Methods of Installing the Solaris 10 Software
You can use one of seven methods to install the Solaris software:
Each of these is discussed in the following sections.
Solaris Interactive Installation
The Solaris Interactive Installation program, suninstall, guides you step by step through installing the Solaris software. You'll be allowed to do a complete installation/reinstallation, perform an upgrade, or install a Solaris Flash archive. I like to refer to this installation as the conventional interactive installation. If you've installed previous versions of Solaris, this is the original interactive installation. With this installation, you need to know more about Solaris and other software products before installing them. The Interactive program does not allow you to install all of the software (Solaris software and copackaged software) at once; it installs only the SunOS software. After you install the Solaris software, you must install the other copackaged software by using the copackaged installation programs.
If your system does not have a directly attached CD-ROM or DVD-ROM drive, you can specify a drive that is attached to another system. The only requirement is that both systems must be attached to the same subnet.
JumpStart provides the capability to install Solaris on a new system by inserting the CD-ROM into the CD-ROM drive and turning on power to the system. No interaction is required. The software components installed are specified by a default profile that is selected based on the model and disk size of the system.
All new SPARC-based systems have the JumpStart software (a preinstalled boot image) preinstalled on the boot disk. You can install the JumpStart software on existing systems by using the re-preinstall command.
The Custom JumpStart method, formerly called autoinstall, allows you to automaticallyand identicallyinstall many systems with the same configuration without having to configure each of them individually. Custom JumpStart requires upfront setup of configuration files before the systems can be installed, but it's the most cost effective way to automatically install Solaris software for a large installation. Custom JumpStart provides the best solution for performing hands-off installation across the network.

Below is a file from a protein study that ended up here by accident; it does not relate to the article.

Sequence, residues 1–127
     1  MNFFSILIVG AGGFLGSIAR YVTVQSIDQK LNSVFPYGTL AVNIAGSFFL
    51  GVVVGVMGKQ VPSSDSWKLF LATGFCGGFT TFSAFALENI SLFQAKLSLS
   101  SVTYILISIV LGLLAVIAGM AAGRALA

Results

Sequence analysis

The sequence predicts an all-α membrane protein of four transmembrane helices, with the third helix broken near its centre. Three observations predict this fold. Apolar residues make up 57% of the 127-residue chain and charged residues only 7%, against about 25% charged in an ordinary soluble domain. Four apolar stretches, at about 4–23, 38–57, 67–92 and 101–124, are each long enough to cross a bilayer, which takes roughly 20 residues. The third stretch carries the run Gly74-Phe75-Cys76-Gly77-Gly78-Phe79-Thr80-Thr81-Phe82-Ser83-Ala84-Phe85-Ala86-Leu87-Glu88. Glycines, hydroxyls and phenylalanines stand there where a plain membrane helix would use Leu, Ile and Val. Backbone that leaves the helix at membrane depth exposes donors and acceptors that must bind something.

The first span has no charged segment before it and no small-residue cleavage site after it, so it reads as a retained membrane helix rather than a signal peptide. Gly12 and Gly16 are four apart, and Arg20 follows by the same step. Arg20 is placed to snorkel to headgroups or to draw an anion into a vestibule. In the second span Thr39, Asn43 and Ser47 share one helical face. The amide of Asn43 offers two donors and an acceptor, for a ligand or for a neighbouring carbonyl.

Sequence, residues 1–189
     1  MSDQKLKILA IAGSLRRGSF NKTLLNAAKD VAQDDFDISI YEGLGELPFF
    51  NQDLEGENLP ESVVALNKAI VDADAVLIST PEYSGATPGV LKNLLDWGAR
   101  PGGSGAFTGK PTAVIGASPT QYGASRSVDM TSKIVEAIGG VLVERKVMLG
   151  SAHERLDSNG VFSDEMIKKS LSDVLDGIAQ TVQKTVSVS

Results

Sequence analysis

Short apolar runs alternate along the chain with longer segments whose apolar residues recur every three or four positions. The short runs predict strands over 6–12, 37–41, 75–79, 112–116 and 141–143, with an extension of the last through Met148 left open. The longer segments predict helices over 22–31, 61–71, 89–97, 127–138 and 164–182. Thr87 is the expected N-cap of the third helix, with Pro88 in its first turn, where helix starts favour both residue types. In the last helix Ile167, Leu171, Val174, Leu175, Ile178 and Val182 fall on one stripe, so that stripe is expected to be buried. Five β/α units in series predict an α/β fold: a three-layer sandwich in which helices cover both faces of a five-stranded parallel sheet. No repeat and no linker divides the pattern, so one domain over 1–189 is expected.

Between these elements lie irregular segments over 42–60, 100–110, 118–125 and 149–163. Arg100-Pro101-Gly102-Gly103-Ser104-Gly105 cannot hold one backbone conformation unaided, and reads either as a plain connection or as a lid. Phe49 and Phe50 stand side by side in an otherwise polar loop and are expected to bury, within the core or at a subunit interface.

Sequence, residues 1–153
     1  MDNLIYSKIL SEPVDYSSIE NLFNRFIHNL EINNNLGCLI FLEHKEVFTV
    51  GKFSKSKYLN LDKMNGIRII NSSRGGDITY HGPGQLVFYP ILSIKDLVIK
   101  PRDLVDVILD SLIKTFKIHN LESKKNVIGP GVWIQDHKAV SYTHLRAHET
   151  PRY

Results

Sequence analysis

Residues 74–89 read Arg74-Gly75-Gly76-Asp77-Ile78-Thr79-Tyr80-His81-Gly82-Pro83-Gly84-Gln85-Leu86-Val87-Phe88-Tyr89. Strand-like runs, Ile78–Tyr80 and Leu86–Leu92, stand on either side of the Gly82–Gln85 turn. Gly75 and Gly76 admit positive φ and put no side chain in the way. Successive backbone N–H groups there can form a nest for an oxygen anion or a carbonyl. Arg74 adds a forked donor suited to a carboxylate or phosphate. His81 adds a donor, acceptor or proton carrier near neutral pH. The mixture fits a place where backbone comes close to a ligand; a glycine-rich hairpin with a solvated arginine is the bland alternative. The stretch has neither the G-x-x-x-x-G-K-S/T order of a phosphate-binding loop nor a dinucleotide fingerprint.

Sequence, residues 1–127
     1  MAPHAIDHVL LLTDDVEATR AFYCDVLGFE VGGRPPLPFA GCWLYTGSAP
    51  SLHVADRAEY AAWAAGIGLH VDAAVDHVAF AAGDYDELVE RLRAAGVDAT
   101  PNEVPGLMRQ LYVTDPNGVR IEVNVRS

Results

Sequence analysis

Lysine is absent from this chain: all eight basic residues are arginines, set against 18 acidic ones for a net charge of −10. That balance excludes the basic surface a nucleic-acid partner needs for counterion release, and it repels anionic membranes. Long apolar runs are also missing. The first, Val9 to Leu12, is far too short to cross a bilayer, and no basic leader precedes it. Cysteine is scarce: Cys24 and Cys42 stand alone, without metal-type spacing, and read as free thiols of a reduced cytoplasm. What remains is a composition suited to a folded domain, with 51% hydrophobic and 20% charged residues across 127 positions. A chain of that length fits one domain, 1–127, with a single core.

JumpStart Configuration on New Systems On a new system, the installation software is specified by a default profile based on the system's model and the size of its disks; you don't have a choice of the software to be installed. Make sure this JumpStart configuration is suited to your environment. The system loads the end-user distribution group and sets up minimal swap space. Slices and their sizes are set up by using default parameters that might not be suitable for the applications you plan to install.
When might you want to use JumpStart? For example, suppose you need to install the Solaris software on 50 systems. Of these 50 systems to be installed, 25 are in engineering as standalone systems with the entire distribution software group, and 25 are in the IT group with the developer distribution software group. JumpStart enables you to set up a configuration file for each department and install the operating system on all the systems. This process facilitates the installation by automating it, ensuring consistency between systems and saving you time and effort.
JumpStart Exam Objective Custom JumpStart is an objective on the CX-310-202 exam and is described in detail in Chapter 13, "Solaris Zones." However, there are a couple of basic questions about Custom JumpStart on the CX-310-200 exam which you need to know, such as
Solaris Flash Archives
The Solaris Flash Archive installation enables you to use a single reference installation (Flash Archive) of the Solaris OE on a system, which is called the master system. After installing the operating system onto the master system, you can add or delete software and modify system configuration information as necessary. You then create a flash archive from this master system and can use this archive to replicate that installation on a number of systems, which are called clone machines. Then, you can replicate that installation on a number of systems, which are called clone systems.
You can also replicate (clone) systems with a Solaris Flash initial installation that overwrites all files on the system or with a Solaris Flash update that only includes the differences between two system images. A differential update changes only the files that are specified and is restricted to systems that contain software consistent with the old master image.